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06/02/2014 12:52 pm ET

Feds Clear Hanover College Of Retaliation In Sexual Assault Case

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The U.S. Department of Education's Office for Civil Rights closed a Title IX investigation of Hanover College last month having found insufficient information to confirm the Indiana school retaliated against a reported sexual assault victim.

A student claimed in a federal complaint that the private college, affiliated with the Presbyterian Church, had mishandled her sexual assault report, ignored subsequent harassment from her alleged assailant, and subjected her to retaliation when the accused student filed harassment charges against her. In a letter to the complainant, identified in previous articles only by her first name, Samantha, the college had told her it considered her "not responsible" for harassment but did find her "behavior to be contrary to the principals [sic]" of the college.

The agency notified the college and Samantha it was closing the investigation in a May 20 letter, writing the "College's reasons for its actions with regard to [Samantha's] fall 2013 allegations of retaliatory harassment were not a pretext for retaliation."

The Education Department found Samantha's reports of alleged offenses were a "protected activity," and that "a causal connection existed" between that report and a subsequent "adverse" harassment charge filed against her by her alleged assailant. However, OCR stated "the evidence is insufficient to establish that the College subjected [Samantha] to retaliation as alleged."

OCR reviewed a second allegation that Hanover failed to publicly identify its Title IX coordinator. "In its response to OCR's data request, the College acknowledged that it had not identified its Title IX Coordinator in the Student Handbook," but quickly made a change after being notified of the complaint. OCR determined "this allegation is resolved."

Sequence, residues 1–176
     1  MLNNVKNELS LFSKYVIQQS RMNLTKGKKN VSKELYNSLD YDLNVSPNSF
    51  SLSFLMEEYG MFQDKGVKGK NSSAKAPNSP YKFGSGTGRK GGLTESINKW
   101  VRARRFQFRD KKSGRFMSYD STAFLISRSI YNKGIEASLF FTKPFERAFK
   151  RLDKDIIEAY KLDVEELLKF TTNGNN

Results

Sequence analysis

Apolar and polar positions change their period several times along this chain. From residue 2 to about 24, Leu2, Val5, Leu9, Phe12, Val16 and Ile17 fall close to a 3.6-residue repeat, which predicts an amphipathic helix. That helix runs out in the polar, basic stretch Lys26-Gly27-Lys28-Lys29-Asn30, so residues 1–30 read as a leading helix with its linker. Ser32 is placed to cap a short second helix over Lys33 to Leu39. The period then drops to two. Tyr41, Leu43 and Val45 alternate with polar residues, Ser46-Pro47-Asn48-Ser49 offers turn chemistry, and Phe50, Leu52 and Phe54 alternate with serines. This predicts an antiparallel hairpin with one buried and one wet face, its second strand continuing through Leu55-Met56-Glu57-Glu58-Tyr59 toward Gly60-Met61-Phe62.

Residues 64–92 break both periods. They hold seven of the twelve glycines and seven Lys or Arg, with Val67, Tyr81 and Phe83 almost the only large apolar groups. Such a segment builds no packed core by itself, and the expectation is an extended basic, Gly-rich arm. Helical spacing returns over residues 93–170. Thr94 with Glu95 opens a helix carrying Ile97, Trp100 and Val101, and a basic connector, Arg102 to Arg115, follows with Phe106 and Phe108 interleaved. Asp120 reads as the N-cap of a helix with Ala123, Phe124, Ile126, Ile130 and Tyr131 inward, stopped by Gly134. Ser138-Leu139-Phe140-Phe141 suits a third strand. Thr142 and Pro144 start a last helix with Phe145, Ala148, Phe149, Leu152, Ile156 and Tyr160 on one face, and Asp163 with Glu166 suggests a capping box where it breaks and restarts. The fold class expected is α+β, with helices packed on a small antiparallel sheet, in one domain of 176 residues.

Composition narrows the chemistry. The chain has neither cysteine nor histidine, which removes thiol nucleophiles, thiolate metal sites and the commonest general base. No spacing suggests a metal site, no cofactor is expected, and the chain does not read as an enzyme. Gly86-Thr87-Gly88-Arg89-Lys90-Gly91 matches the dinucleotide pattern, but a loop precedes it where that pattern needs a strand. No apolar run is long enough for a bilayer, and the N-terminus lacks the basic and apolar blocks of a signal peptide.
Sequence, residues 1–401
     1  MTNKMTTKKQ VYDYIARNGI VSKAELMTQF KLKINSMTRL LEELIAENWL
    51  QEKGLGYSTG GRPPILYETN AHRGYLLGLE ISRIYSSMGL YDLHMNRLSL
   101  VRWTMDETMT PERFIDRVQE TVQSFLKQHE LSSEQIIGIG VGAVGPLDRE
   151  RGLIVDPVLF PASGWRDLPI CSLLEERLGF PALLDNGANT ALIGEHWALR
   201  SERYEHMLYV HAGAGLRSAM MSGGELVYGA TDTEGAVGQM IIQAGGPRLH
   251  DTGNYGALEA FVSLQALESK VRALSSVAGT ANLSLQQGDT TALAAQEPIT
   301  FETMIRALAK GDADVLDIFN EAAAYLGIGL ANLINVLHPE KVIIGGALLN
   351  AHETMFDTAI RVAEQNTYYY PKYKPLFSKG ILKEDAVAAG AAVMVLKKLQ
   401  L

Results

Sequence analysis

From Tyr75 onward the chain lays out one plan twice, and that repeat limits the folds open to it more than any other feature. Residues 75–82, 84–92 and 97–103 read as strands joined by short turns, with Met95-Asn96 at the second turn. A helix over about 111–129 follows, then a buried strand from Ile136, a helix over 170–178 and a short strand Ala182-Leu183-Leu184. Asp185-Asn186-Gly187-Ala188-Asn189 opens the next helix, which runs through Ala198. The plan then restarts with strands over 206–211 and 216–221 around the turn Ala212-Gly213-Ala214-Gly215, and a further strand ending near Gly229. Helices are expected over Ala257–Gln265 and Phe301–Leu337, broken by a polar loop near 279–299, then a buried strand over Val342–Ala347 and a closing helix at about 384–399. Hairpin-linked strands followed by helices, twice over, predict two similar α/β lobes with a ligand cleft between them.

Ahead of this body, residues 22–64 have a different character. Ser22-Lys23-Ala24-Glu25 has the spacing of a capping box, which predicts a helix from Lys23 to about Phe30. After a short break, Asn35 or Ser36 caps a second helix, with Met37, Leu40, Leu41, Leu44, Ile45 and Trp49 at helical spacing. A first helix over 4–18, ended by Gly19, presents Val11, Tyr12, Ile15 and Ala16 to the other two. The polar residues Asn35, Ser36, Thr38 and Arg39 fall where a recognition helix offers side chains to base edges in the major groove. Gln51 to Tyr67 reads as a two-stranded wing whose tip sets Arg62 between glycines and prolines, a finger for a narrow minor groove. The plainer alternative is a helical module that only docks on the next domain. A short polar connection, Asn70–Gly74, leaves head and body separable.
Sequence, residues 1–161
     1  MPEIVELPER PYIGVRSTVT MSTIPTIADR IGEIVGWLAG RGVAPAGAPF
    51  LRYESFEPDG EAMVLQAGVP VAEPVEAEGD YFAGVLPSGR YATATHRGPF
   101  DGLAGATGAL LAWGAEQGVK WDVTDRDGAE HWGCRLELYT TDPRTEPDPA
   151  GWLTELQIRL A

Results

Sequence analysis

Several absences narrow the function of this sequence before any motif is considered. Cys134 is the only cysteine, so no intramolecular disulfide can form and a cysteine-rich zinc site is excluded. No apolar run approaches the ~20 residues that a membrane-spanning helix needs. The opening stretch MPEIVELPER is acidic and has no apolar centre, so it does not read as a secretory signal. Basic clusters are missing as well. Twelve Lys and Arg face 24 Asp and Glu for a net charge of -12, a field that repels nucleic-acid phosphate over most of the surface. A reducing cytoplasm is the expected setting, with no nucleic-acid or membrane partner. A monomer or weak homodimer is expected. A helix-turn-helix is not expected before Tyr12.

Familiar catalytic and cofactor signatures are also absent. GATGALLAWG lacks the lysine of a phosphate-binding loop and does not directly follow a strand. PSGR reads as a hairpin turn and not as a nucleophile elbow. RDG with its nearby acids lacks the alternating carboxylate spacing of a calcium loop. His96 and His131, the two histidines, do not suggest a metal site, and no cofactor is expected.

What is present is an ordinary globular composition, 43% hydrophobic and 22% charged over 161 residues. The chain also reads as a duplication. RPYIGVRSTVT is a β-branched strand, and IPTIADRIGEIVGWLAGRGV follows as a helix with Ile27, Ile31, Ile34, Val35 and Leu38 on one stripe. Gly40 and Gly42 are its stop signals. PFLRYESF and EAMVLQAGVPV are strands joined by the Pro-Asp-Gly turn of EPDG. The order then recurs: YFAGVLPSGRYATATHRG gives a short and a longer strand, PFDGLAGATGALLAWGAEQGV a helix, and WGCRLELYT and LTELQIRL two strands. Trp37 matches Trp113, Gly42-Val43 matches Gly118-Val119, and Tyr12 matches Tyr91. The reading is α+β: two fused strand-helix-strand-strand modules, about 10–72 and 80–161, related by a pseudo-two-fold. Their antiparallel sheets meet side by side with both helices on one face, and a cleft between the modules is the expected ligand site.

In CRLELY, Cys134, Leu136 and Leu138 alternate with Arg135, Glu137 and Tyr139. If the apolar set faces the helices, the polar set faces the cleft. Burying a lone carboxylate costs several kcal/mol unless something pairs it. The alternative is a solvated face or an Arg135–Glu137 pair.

"We are pleased that Hanover College's actions were validated and that these allegations were thoroughly investigated and closed," Hanover President Sue DeWine said in a statement. "We will continue our goal of providing a safe and respectful campus community and will continue to protect the rights of each and every student."

Much of the findings letter from OCR centered around its review of the harassment charges and whether the college erred in processing a harassment allegation against Samantha. It did not address the college's handling of an alleged break-in and physical assault of Samantha by the accused male student.

The complainant and her attorney are not happy with the outcome.

Myra Mormile-Wolper, Samantha's attorney, responded with a letter to OCR asking it to "revisit its investigation" and take into consideration a new allegation that Hanover may have shredded student records associated with the cases. Hanover declined to comment beyond the president's formal statement.

Mormile-Wolper also noted OCR did not address the language used in a letter to Samantha about her alleged harassment, which the attorney said "all but convicted her and certainly would cause a person in her position to think twice before filing a sexual assault complaint again."

In that letter, obtained by The Huffington Post, Hanover Associate Director of Residence Life Tracy Dubs said Samantha's attempts to have the accused punished for a "wide variety of alleged offenses, whether through campus security, the campus conduct review process, his fraternity, the court system, or the Department of Education, do appear to be a type of harassment." But because the college's student handbook does not identify those behaviors as harassment, Dubs said, Samantha cannot be held responsible.

"OCR should be firmly instructing colleges that, if they get a complaint against a woman who has reported a rape by her accuser, they must use some screening mechanism to make sure the assailant cannot re-victimize her by misusing the college's complaint process," Mormile-Wolper said.

Mormile-Wolper appears to be indirectly referencing a similar case at the University of North Carolina-Chapel Hill. Student Landen Gambill began speaking publicly about the university's handling of her report of sexual assault by a former boyfriend. Although Gambill never publicly identified him, the accused filed harassment charges against her, which UNC initially allowed to go forward before the proceedings were called off after backlash.

OCR is currently investigating UNC for alleged retaliation in that case.

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